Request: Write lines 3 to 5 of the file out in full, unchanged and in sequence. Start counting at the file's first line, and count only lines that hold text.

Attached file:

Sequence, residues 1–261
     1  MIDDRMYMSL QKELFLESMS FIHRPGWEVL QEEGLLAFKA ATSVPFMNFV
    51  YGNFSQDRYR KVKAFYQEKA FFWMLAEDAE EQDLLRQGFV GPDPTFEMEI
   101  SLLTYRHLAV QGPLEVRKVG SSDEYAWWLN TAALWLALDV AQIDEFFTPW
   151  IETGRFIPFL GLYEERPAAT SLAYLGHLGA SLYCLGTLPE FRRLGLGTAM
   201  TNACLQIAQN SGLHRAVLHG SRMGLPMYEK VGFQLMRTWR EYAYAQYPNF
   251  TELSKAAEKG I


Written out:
    51  YGNFSQDRYR KVKAFYQEKA FFWMLAEDAE EQDLLRQGFV GPDPTFEMEI
   101  SLLTYRHLAV QGPLEVRKVG SSDEYAWWLN TAALWLALDV AQIDEFFTPW
   151  IETGRFIPFL GLYEERPAAT SLAYLGHLGA SLYCLGTLPE FRRLGLGTAM